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Those in the cleaning industry may come into contact with blood. OSHA has developed standard guidelines which will help us to reduce exposure to bloodborne pathogens. Bloodborne pathogens are microorganisms present in human blood which can cause disease in humans upon contact. Most exposure occurs through the nose, mouth, or open wounds on the skin. Saliva and vomit may also contain blood born pathogens.
The CDC recommends that all bodily fluids be considered as potentially infectious. We should assume that all blood and body fluids contain bloodborne pathogens. It is important to use the correct disinfecting cleaning solution when cleaning up bodily fluids. Personal protective equipment, such as gloves or goggles, should be used when cleaning and then disposed of in the correct color bag or cleaned with disinfection solution.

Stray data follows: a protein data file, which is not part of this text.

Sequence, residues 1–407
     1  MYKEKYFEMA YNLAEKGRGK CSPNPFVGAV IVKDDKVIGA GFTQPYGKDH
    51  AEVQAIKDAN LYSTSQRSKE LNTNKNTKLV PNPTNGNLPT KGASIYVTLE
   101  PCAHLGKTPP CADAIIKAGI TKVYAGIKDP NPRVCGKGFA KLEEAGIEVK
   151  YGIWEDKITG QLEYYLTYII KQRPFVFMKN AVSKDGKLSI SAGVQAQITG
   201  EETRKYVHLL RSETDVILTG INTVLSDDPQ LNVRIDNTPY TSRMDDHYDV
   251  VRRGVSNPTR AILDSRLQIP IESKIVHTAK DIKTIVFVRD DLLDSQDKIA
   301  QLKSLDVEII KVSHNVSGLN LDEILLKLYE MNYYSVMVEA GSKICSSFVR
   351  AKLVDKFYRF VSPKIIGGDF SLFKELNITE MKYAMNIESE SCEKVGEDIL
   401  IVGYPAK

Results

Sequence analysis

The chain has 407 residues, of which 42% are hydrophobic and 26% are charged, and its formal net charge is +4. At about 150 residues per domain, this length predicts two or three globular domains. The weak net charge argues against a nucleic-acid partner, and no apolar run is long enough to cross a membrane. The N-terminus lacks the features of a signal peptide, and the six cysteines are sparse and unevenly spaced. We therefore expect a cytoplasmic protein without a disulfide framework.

Exposure could lead to Hepatitis B or HIV both of which may not show up for years. The business should have a written exposure control plan. OSHA requires documentation from the employer when an employee is exposed. This documentation must be kept for 3 years following the exposure.
Always wear PPE, do not touch your mouth, do not reuse towels or sponges, handle laundry with caution, do not press down on trash, use properly labeled and color coded bags for items that contain potential bloodborne pathogens.
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